Tag Archives: ring-necked duck


We’re enjoying a snowday from home today.  Snow on the beach is such a rarity on the Oregon Coast and I got to kinda see it once…at midnight…from a distance…lit by my camera flash…see here: Snow on Tillicum Beach

Today I’m enjoying it from up the Alsea River.

alsea river snow
Alsea River at head of tidewater

We had plans for going to Newport to volunteer at the Family History Center and then do our weekly grocery shopping.  But caution prevails today.

driftboat in snow
timeout for snow

Some don’t mind travelling on snow days but the duck route isn’t any different than any other day on the river.

ring-necked ducks, alsea river
Ring-necked ducks

Most of the snow fell before the tide started going out this morning.

snow level meets tide level
Snow level meets tide level on the Alsea

Salmonberries first gathered weeds from the high river last month and now snow.

salmonberries gathering snow
Salmonberries gathering snow on the Alsea


Winter Birding

Winter is a great time for birding – especially if you live in a migratory pathway.

Ring-necked ducks

We get to see different birds in the winter than in the summer months.  The scaups aren’t too common this far up the Alsea River.  I’m not sure if these are the Greater or Lesser Scaups.

Male Common Merganser
Male Common Merganser

Common Mergansers aren’t as common as their name implies; at least on our section of the river.  I love the stark, contrasting, colors on the male mergansers.

Heron and Hoodies
Heron and Hoodies share a fishing spot

A Great Blue Heron was fishing out in front this morning.  His Hooded Merganser friends did a drive-by to check out why he was there.

I snapped a couple photos through the window; knowing that the heron would quickly leave when I opened the window or door for a better shot.

mallard ducks
Mallards – Bottoms Up!

By the liiiiiiiiight of the silvery mooooooooon….

I hear that song in my head every time I see the mallards feeding 🙂

Community is for the birds

My first thought about “community” was church because wherever we travel to workamp, we feel so at home when we attend church.

Ordinances are the same, lessons are the same, the spirit is the same.  But I don’t have a current photo and it’s a “photo challenge”.   Soooo….

These ducks live in a community on Eckman Lake, near Waldport, Oregon.

Ring-necked Ducks, Coots
Ring-necked Ducks, Coots

There were at least 4 or 5 different kinds of ducks that we could identify on this icy day.

Hundreds feeding keep the ice open
Hundreds feeding keep the ice open

By working together, they keep the ice from freezing over the whole lake.

American Wigeon, Gadwalls
American Wigeon, Gadwalls

There were smaller groups in different places and they’d fly or walk from one place to another.  It reminded me of going to Crystal Hot Springs, Utah, in the winter 🙂  We’d walk quickly from the dressing room to the hot pool.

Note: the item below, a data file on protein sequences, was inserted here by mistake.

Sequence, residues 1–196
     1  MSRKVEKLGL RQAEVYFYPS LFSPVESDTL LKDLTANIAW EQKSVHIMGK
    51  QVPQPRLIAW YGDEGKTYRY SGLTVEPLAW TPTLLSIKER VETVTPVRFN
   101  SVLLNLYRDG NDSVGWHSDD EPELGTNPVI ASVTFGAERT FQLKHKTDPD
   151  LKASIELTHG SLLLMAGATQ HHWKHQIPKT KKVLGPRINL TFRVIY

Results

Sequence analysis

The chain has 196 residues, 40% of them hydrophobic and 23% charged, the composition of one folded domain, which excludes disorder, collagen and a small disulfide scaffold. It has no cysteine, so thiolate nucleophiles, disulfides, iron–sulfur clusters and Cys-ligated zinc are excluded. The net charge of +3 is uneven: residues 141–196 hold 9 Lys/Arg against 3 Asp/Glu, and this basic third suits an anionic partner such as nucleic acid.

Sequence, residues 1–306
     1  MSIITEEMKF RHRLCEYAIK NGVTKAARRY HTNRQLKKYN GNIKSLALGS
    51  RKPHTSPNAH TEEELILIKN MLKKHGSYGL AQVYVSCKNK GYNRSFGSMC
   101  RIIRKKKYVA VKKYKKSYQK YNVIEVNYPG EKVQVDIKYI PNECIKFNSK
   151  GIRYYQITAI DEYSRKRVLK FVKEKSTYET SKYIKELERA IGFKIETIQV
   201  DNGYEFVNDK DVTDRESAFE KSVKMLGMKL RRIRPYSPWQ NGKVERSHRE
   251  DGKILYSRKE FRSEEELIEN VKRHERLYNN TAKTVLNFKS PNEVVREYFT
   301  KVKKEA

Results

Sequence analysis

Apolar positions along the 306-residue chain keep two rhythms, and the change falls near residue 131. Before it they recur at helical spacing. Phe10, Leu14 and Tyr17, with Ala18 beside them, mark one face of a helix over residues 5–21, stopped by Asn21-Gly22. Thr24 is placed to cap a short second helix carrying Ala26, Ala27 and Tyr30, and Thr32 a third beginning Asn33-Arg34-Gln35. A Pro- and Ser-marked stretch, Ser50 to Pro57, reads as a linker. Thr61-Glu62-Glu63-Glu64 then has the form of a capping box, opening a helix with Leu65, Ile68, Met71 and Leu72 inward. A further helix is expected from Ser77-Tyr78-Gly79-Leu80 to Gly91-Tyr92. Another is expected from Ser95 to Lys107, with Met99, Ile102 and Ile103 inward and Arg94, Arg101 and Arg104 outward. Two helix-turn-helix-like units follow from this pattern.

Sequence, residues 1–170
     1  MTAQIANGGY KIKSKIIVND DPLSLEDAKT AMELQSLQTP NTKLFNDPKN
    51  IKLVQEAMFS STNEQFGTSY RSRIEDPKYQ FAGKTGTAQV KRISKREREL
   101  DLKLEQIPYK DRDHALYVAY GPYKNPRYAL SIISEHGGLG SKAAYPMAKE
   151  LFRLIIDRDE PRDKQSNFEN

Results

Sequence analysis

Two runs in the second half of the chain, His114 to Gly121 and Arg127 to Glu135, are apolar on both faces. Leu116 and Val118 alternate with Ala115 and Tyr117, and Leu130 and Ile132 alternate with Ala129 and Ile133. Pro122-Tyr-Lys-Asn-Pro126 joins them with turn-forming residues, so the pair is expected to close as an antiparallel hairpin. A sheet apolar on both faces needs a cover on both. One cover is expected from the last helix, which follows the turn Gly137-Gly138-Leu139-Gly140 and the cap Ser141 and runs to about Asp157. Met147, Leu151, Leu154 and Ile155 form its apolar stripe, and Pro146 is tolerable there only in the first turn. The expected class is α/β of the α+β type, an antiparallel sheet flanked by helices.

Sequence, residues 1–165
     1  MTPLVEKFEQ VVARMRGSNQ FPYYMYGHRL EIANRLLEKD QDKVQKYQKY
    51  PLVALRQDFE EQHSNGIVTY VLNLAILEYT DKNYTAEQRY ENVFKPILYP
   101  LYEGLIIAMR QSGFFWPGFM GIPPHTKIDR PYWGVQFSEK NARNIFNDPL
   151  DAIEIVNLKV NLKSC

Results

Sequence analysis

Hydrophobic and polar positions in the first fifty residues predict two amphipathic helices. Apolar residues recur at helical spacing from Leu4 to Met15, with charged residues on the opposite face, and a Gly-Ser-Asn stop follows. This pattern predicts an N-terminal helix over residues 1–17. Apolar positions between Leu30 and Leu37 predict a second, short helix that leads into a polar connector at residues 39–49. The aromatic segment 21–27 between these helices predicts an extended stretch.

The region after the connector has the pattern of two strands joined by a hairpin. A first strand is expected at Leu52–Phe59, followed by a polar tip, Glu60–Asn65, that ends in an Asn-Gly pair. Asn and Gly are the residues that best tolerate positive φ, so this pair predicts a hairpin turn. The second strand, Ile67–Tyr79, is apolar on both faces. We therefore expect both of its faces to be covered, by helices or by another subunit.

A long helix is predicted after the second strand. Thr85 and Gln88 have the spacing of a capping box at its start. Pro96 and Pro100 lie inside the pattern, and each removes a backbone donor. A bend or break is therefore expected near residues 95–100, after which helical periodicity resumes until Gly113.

Wood Duck
Wood Duck on the fringe

This duck seemed to be a loner.  But then suddenly he joined the group.  He decided to go see what all the fuss was about.

Northern Pintail on Eckman Lake, Waldport, Oregon

Eckman Lake is full of birds!

Mallards, Gadwalls, American Wigeon, Bufflehead
Mallards, Gadwalls, American Wigeon, Bufflehead

…top feeders and diving ducks

Ring-necked Duck in the middle
Ring-necked Duck in the middle

The ring-necked duck has a white ring around his bill, not his neck.

Common Merganser - black head, white body
Common Merganser – black head, white body

The common merganser is the big one in the foreground.

Northern Pintail - youth and adult
Northern Pintail – youth and adult

And a new bird (for me)…the Northern Pintail!  They’re Purdy!

Eckman Lake Ducks

Eckman Lake, near Waldport Oregon, gets pretty busy with ducks in the fall.

gadwall and ring-necked duck
Left-to-right: male Gadwall, male Ring-necked Duck

I’ve been trying to take the time for a month to stop and take a closer look.

american wigeon, gadwall, pied-billed grebe
Left-to-right: male and female American Wigeon, male Gadwalls, Pied-billed Grebe

I was alone this afternoon and didn’t get any back-talk when I said to myself, “Self, you should stop and take a closer look at those ducks.”

american wideon and ring-necked ducks
Left-to-right: male American Wigeon, Male Ring-necked ducks, maybe 1 female Ring-necked duck

I have to admit, though, I needed help in identifying them.  Range Bayer, local bird expert, knew exactly what they were when I showed him my pix.

I don’t know who named the ring-necked duck.  The only ring I see is around their bill.

Bufflehead and ?

I can see that the bird in the foreground is a Bufflehead but I’m not sure what the one in the background is.  Could it be a female Bufflehead?